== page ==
Here at the “Cardiac Care 101” corner of the A&K Global Health blog, we’ve recently been sharing about how the heart works and how to recognize and treat the most common heart diseases. These posts often reference the two most common cardiac diagnostic tools: ECGs and echoes. Today, we explain what these terms mean, what information these tests provide to doctors, and what the test experience involves for patients.
What is an ECG (electrocardiogram)?
An ECG detects heart abnormalities. It records the electrical activity of the heart, and can detect any abnormal rhythm (arrhythmia), infarct (heart attack), or hypertrophy (enlargement) of the heart. Although it may look scary with all the metal electrodes stuck to the arms, legs, and chest, the test is both painless and harmless. Wires from these electrodes are connected to the ECG machine, which detects the electrical activity that occurs at each heartbeat. This activity is then recorded onto a paper, allowing doctors to make a diagnosis.
- A Treadmill Test (TMT) is a specialized kind of ECG, conducted while the patient is exercising on the treadmill. Blood pressure is also recorded regularly during this test. A TMT is done to detect the severity of heart disease, when there are minimal or no symptoms, but abnormality is suspected based on the results of the standard ECG.
- Patients who complain of a pounding heartbeat that comes and goes may benefit from a Holter Monitor test. In this ECG variant, the patient wears a monitor for 24-48 hours that continuously records cardiac activity as they go about their usual routine.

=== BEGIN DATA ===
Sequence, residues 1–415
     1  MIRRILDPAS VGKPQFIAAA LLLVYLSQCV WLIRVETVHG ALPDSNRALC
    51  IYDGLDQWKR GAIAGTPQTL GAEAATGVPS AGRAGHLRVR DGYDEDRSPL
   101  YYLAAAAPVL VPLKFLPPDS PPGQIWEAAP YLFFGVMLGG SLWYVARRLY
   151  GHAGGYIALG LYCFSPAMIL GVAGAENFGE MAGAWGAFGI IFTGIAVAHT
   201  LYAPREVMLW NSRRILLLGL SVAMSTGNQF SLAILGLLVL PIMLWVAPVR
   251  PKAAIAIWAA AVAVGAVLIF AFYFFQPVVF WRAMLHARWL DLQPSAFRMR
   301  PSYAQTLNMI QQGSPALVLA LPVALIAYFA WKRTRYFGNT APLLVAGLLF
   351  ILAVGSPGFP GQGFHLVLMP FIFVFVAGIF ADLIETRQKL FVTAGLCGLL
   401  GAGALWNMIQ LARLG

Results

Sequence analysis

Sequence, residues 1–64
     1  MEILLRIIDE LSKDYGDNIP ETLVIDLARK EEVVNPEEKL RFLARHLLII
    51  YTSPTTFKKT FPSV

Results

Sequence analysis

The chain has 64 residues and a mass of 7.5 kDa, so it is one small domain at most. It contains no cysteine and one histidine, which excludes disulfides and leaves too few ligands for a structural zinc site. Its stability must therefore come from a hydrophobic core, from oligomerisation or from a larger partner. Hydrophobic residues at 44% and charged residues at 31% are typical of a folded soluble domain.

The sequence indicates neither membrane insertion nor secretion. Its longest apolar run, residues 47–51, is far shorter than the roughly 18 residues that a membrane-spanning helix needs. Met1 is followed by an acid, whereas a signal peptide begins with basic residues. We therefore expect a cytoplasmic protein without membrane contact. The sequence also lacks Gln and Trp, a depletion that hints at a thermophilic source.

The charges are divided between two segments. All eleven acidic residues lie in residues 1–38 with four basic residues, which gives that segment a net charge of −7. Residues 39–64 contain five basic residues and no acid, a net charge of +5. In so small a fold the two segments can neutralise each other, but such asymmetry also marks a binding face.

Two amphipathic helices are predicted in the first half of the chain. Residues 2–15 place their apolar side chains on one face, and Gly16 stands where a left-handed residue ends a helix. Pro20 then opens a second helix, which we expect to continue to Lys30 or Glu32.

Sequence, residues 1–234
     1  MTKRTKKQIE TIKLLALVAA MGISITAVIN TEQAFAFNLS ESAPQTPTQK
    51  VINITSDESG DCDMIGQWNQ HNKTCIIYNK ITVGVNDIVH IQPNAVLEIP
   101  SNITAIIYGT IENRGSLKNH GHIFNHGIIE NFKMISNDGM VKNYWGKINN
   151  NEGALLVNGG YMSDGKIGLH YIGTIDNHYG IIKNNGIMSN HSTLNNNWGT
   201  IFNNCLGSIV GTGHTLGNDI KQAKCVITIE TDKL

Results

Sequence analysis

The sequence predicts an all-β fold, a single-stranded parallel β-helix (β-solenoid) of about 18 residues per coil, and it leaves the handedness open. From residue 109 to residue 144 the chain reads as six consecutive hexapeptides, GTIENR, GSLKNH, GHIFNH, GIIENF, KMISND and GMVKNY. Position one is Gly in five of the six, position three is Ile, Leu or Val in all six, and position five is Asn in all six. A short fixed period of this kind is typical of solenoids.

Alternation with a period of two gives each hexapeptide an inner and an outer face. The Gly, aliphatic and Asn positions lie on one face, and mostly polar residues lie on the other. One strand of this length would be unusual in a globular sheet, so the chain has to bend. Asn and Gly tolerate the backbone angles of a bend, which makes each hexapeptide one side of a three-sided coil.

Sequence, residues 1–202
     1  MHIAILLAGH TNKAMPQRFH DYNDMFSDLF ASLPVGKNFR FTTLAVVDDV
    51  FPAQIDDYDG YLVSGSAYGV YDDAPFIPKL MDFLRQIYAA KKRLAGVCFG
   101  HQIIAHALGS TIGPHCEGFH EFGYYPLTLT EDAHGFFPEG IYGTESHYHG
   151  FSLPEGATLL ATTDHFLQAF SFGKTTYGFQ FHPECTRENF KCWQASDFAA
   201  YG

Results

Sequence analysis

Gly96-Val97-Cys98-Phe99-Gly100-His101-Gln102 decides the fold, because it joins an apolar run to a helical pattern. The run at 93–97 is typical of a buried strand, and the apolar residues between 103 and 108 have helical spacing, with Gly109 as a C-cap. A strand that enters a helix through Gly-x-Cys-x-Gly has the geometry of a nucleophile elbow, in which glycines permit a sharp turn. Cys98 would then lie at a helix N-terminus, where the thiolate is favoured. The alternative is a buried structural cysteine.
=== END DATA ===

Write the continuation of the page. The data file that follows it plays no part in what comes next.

What is an echo (echocardiogram)?
An echo takes a picture of the heart using high-frequency sound waves. This picture shows the shape and size of the valves and the heart chambers, the functioning of the heart, and the blood flow. Like the ECG, this is also a painless test where some gel is placed on the patient’s chest, and a probe (transducer) is moved over the chest to view the heart from different directions.
- A transesophageal echo, or TEE, is a special kind of echo in which a tube (endoscope) is used to guide the transducer down the esophagus. The TEE provides doctors with more detailed information about the heart than a standard echo. This test may be done in cases of aneurysm, other heart or blood vessel diseases, or to guide cardiac catheterization.
- A fetal echo is performed in order to examine an unborn baby’s heart during the second trimester of pregnancy. This test is used to detect congenital heart diseases.
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